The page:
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The College is launching a new online sexual assault prevention training module and requiring all undergraduates to complete the program by mid-October.
Spurred by a sexual conduct climate survey from last fall that found what University President Drew G. Faust deemed a “deeply disturbing” atmosphere on campus, the new module complies with recommendations from a University-wide task force on sexual assault prevention that advocated annual sexual assault prevention training.
With images, videos, and text, the interactive online presentation will attempt to accomplish two goals, according to an email to undergraduates from Dean of the College Rakesh Khurana: to inform students of the resources available for gender-based harassment and sexual assault, and to educate undergraduates about Harvard’s sexual and gender-based harassment policies.
Emily J. Miller, the College’s Title IX coordinator, said the module is not intended to be a complete and standalone training, adding the College anticipates “we will continue to roll things like this out in the future.”
“This is not meant to be an all-inclusive training on sexual assault prevention and response,” Miller said. “Why I think an online forum is appropriate for this type of material is that it’s really a lot of information.”
Last year’s Association of American Universities sexual conduct survey found that 31 percent of senior undergraduate females at Harvard College who responded said they had experienced “nonconsensual sexual contact” during their time at the College. A task force convened to address the issue recommended that students receive annual sexual assault prevention training, among other changes such as potentially banning hard alcohol and looking into restricting undergraduate participation in the College’s unrecognized single-gender final clubs.
The module was announced in a College-wide email from Khurana Wednesday, and he stipulated that all undergraduates must complete the program by Oct. 10. The training will be completed by each student on an annual basis, and the College may modify the training module with every new installation, Miller said.
At the end of the module, students must take an exam to measure their apprehension and answer at least 80 percent of the questions correctly. If students do not complete the tutorial or do not receive satisfactory scores, Miller will “be in touch and will follow up until they complete the training.”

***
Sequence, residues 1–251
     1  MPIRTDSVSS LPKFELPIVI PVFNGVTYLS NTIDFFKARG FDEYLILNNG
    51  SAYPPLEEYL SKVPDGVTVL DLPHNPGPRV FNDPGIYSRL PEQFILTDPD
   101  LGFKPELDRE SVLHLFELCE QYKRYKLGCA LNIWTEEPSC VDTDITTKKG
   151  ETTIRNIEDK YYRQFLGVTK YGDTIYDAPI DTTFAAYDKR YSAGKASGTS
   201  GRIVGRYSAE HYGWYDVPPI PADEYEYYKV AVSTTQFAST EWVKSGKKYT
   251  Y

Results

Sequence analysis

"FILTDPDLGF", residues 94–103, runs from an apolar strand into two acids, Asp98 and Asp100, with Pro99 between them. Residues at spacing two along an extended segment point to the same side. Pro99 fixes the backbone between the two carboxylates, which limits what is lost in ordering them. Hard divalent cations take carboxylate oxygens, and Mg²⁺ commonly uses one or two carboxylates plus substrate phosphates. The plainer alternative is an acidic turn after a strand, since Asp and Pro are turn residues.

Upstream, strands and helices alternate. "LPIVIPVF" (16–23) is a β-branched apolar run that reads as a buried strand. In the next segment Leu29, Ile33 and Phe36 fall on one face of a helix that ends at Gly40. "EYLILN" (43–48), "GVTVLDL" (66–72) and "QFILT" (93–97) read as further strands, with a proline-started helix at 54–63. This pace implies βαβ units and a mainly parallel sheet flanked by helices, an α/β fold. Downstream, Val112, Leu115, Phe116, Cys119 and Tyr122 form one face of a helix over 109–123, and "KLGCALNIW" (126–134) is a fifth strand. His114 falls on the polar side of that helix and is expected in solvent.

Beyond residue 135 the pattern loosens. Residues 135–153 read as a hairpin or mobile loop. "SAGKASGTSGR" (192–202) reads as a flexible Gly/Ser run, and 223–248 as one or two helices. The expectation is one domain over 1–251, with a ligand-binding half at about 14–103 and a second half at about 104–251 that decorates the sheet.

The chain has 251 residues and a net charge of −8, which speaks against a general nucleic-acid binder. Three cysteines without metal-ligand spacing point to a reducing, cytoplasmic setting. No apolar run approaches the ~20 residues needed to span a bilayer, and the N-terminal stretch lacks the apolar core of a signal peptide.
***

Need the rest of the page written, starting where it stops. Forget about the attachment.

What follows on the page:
Undergraduates can choose to opt-out of the program by contacting the Title IX Office, and those who do will individually receive a condensed version of the training via email. The choice to opt-out, according to Miller, is intended for students who do not feel comfortable completing the training.
While designing the survey, Miller said she emphasized the importance of helping students more easily understand Harvard’s at times confusing sexual assault policies. College staff consulted undergraduates from a range of student groups—such as the Undergraduate Council and Consent Advocates and Relationship Educators—to develop the training, Miller added.
During the development phase, these students gave feedback on the presentation, took part in early focus groups, and reviewed the training’s script.
“When you’re in this work long enough, you can start to forget what doesn’t make sense, so it was really important to have fresh eyes,” Miller said.
Undergraduates involved in its development praised the module.
Undergraduate Council president Shaiba Rather ’17 said she was “extremely happy” with the new training module. Rather, along with UC Vice President Daniel V. Banks ’17, began working with the College on the training early last semester.
Jessica R. Fournier '17, an organizer of sexual assault prevention advocacy group Our Harvard Can Do Better, said her group was involved in developing the training. She called the module a step in the right direction.
“I don’t think having an online training is a replacement for in-person training where you can go more in depth and have more of a conversation,” Fournier said. “But I do think that this is a really good way to make sure all students are seeing this information.”
Miller emphasized the module exists not only as a one-time training, but as a resource should students want information about sexual assault and resources available at Harvard.
“We really want to educate people about the resources and policies and I’m not so naive as to think everyone will absorb every piece of this and absorb it forever,” Miller said, “but my hope is that students will remember it’s there if they want to go back to it.”
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